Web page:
We truly believe inspiration is everywhere. It envelops you. It’s everything that you see and feel; that’s why the things that we place around us and the things that we are drawn to are tremendous assets. New York City itself has always been an incredible, inspirational laboratory for us—its architecture and landscape, its pace, rhythm, and sounds, and the interactivity of its people. All of those things and more have been a tremendous catalyst for us in terms of the way we think about creativity and the way we evolve in our own creativity… What we tried to do in every project (whether it’s architectural in nature, print in nature, or digital in nature) is to make as many connections as we could—informationally, thematically, aesthetically—and the more connections we made (if you can try to visualize a piece of fabric), the stronger those ties and those connections are; it will last longer, it will have more resonance, and it will maintain its relevance, and that’s what we always try to do.

How do you define success, and where do you see yourself in the future?

Our lives as designers are organic; our thinking and perception of it is always evolving. Therefore, our definition of success, as well as our vision of our own future, is always changing.

How do you balance your work with your personal life if there is a distinction between the two for you?

Fortunately for both of us, there has never been a distinction between our professional and personal lives. We believe design is a state of mind, a way of seeing, and most importantly—a way of living.

Richard Poulin: Richard Poulin is a designer, educator, author, and artist living in Southern California. Throughout his career, he has focused on a generalist approach to all design aspects, including graphic, experiential, interior, and exhibition design, dividing his time between professional practice and academia. For over 30 years, he was the creative director and managing partner of Poulin + Morris Inc., which he co-founded in New York City in 1989. As a highly respected educator, he taught at Cooper Union and the School of Visual Arts for over two decades. He is a recipient of a research grant in design history from the Graham Foundation for Advanced Studies in the Fine Arts, a recipient of a Fellow from the Society of Experiential Graphic Design (SEGD), the profession’s highest honor, and his work is in the permanent design collections of the Denver Museum of Art, the Letterform Archive, the Library of Congress, and the Los Angeles County Museum of Art (LACMA). Richard is also the author of several books on graphic design, typography, and design history, which have been translated into eight languages and used by students and practitioners worldwide. His new book, a comprehensive monograph on the life and work of mid-century modernist designer Rudolph de Harak—Rational Simplicity: Rudolph de Harak: Graphic Designer—was released in 2022 by Thames & Hudson (London). As an artist, his multi-media collage constructions have been exhibited throughout the United States and are in the collections of several private collectors. Richard lives in Palm Springs, California. You can follow his work or contact him on Instagram (@richardpoulin) or Richardpoulin.net.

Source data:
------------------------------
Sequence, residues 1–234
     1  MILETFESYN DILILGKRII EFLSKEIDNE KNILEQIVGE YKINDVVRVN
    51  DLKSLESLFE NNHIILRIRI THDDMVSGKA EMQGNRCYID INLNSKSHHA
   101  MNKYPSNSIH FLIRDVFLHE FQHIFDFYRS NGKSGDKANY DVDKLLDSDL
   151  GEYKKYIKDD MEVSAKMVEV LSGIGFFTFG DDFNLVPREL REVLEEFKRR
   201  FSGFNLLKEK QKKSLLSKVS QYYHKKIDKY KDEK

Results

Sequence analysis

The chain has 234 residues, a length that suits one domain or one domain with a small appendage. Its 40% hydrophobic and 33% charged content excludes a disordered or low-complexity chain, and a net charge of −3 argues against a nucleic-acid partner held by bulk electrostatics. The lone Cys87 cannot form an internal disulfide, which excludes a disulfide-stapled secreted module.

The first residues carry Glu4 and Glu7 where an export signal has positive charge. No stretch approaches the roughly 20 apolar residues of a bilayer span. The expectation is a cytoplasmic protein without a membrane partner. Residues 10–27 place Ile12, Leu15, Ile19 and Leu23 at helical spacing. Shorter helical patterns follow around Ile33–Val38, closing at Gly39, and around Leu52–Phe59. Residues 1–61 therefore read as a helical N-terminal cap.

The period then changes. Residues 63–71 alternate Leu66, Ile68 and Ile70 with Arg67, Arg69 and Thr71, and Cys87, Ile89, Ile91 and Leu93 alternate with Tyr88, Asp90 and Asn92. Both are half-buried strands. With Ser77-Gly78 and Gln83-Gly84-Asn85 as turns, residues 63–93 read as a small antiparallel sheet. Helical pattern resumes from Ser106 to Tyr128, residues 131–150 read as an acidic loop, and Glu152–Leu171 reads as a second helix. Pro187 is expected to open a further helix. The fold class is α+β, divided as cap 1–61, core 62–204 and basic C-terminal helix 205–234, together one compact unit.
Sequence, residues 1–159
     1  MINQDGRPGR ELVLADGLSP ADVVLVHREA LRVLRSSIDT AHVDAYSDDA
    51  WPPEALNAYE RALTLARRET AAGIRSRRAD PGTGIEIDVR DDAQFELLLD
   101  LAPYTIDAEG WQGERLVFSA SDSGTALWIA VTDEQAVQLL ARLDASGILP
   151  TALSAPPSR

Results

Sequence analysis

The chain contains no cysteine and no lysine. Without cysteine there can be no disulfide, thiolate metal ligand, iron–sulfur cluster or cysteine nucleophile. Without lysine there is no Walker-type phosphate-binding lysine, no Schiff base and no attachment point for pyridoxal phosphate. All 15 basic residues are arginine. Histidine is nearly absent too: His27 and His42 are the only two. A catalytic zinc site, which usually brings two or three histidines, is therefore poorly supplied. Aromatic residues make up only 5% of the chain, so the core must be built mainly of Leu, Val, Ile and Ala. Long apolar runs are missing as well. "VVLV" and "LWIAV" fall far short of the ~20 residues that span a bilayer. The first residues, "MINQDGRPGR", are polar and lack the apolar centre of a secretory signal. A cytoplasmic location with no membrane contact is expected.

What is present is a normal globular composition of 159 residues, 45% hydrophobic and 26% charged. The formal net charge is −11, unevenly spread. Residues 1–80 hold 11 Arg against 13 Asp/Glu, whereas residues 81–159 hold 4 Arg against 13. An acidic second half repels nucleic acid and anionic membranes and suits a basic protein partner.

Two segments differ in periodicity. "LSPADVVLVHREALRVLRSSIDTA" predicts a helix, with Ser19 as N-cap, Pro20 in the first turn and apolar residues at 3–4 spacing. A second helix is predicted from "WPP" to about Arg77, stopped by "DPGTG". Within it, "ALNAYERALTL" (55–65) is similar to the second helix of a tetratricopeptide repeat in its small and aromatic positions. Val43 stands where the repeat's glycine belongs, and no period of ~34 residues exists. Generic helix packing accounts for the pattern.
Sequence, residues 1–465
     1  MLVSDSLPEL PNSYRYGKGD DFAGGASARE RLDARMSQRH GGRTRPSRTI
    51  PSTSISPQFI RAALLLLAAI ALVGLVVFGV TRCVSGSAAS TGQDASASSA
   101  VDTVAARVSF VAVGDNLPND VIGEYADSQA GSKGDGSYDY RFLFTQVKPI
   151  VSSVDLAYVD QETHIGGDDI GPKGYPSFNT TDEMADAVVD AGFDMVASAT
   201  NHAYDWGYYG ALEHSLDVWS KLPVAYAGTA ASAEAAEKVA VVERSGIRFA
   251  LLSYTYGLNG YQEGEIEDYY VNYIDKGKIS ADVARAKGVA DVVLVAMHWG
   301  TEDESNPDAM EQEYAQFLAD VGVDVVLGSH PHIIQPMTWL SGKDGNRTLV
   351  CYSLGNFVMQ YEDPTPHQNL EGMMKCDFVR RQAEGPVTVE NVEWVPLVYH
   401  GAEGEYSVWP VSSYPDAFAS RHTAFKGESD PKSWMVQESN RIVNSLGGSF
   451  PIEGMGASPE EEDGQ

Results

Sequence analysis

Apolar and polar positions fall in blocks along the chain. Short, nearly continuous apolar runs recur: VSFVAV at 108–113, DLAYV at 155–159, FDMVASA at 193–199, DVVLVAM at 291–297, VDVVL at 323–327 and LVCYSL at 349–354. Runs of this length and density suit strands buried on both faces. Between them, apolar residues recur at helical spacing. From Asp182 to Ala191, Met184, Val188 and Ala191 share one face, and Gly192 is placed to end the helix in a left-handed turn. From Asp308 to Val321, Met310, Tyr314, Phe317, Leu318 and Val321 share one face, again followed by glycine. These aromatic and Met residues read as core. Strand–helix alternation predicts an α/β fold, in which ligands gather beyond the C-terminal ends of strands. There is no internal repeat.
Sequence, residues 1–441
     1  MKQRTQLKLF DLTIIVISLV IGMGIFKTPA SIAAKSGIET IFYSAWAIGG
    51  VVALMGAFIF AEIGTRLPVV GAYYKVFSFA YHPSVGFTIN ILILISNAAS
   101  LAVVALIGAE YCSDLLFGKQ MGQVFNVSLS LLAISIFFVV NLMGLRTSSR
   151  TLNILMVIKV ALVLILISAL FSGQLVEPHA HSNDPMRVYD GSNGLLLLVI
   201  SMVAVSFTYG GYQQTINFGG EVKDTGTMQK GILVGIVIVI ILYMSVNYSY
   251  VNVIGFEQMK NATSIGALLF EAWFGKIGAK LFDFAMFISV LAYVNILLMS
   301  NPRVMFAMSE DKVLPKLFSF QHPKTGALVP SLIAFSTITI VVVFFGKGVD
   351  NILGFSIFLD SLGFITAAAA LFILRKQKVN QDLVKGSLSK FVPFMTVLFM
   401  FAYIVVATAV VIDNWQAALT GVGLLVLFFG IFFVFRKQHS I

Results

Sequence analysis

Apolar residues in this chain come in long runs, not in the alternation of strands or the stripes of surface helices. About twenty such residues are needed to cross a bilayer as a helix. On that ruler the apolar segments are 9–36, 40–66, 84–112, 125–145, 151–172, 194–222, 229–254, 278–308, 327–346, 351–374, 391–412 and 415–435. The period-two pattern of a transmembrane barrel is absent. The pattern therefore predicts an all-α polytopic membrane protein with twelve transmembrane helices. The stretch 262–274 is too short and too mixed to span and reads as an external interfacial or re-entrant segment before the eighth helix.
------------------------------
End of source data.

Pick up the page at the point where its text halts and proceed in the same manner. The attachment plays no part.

Douglas Morris: As design director and partner of Poulin + Morris Inc., a multidisciplinary design consultancy he co-founded in New York City in 1989 with Richard Poulin, Doug Morris directed branding and experiential graphic design programs for an extensive list of clients. His expertise in alternative sign technologies supported information and wayfinding programs with state-of-the-art electronic information display systems, interactive media, and live-action transmission. His work has been published in periodicals and books worldwide and has received awards from American Corporate Identity, the American Institute of Architects (AIA), the American Institute of Graphic Arts (AIGA), Applied Arts, the Boston Art Directors Club, Global Corporate Identity, Graphic Design USA, Graphis, and the Society for Experiential Graphic Design (SEGD). He also coauthored Wayfinding: Designing and Implementing Graphic Navigational Systems, published by RotoVision. Doug is a recipient of a Fellow from the Society for Experiential Graphic Design (SEGD), the profession’s highest honor, a past president and board member of the organization, and a former chairman of its annual international design awards program entitled Diversity in Design. Since relocating to Palm Springs, he has become a self-taught knitter, entrepreneur, and fiber arts teacher to non-profit organizations that support the health and well-being of the LGBTQ+ community in the Coachella Valley. His online business and website, The Perfect Purl (theperfectpurl.com), donates all of its profits and related materials, as well as free classes, to these local organizations.

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Author: Graphis